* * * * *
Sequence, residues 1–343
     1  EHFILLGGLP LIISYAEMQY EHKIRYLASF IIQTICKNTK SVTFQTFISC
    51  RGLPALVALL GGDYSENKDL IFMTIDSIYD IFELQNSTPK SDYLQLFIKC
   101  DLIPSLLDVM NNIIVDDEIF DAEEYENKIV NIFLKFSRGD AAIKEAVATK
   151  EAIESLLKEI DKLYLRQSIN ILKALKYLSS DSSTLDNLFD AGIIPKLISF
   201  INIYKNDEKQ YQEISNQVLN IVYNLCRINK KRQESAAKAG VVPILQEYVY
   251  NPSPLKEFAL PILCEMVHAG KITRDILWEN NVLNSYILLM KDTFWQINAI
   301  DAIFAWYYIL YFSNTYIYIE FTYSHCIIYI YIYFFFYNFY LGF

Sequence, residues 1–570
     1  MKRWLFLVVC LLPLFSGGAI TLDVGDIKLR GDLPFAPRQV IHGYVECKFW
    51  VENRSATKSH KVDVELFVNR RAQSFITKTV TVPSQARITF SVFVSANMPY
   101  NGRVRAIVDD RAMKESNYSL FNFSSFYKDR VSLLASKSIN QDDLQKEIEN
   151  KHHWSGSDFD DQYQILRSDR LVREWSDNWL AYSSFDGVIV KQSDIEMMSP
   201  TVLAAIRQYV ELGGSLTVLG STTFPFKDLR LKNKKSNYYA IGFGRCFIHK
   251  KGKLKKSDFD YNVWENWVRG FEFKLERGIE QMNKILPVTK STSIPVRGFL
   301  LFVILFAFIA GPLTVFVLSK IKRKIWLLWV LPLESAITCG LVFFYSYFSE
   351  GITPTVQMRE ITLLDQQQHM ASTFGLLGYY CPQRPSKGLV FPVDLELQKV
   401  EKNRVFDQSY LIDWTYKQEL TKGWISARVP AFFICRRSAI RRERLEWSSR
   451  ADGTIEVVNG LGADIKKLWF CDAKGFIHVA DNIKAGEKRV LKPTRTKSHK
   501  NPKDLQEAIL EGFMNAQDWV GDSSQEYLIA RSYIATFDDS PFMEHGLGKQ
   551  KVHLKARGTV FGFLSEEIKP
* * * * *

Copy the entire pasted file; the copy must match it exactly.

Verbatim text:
Sequence, residues 1–343
     1  EHFILLGGLP LIISYAEMQY EHKIRYLASF IIQTICKNTK SVTFQTFISC
    51  RGLPALVALL GGDYSENKDL IFMTIDSIYD IFELQNSTPK SDYLQLFIKC
   101  DLIPSLLDVM NNIIVDDEIF DAEEYENKIV NIFLKFSRGD AAIKEAVATK
   151  EAIESLLKEI DKLYLRQSIN ILKALKYLSS DSSTLDNLFD AGIIPKLISF
   201  INIYKNDEKQ YQEISNQVLN IVYNLCRINK KRQESAAKAG VVPILQEYVY
   251  NPSPLKEFAL PILCEMVHAG KITRDILWEN NVLNSYILLM KDTFWQINAI
   301  DAIFAWYYIL YFSNTYIYIE FTYSHCIIYI YIYFFFYNFY LGF

Sequence, residues 1–570
     1  MKRWLFLVVC LLPLFSGGAI TLDVGDIKLR GDLPFAPRQV IHGYVECKFW
    51  VENRSATKSH KVDVELFVNR RAQSFITKTV TVPSQARITF SVFVSANMPY
   101  NGRVRAIVDD RAMKESNYSL FNFSSFYKDR VSLLASKSIN QDDLQKEIEN
   151  KHHWSGSDFD DQYQILRSDR LVREWSDNWL AYSSFDGVIV KQSDIEMMSP
   201  TVLAAIRQYV ELGGSLTVLG STTFPFKDLR LKNKKSNYYA IGFGRCFIHK
   251  KGKLKKSDFD YNVWENWVRG FEFKLERGIE QMNKILPVTK STSIPVRGFL
   301  LFVILFAFIA GPLTVFVLSK IKRKIWLLWV LPLESAITCG LVFFYSYFSE
   351  GITPTVQMRE ITLLDQQQHM ASTFGLLGYY CPQRPSKGLV FPVDLELQKV
   401  EKNRVFDQSY LIDWTYKQEL TKGWISARVP AFFICRRSAI RRERLEWSSR
   451  ADGTIEVVNG LGADIKKLWF CDAKGFIHVA DNIKAGEKRV LKPTRTKSHK
   501  NPKDLQEAIL EGFMNAQDWV GDSSQEYLIA RSYIATFDDS PFMEHGLGKQ
   551  KVHLKARGTV FGFLSEEIKP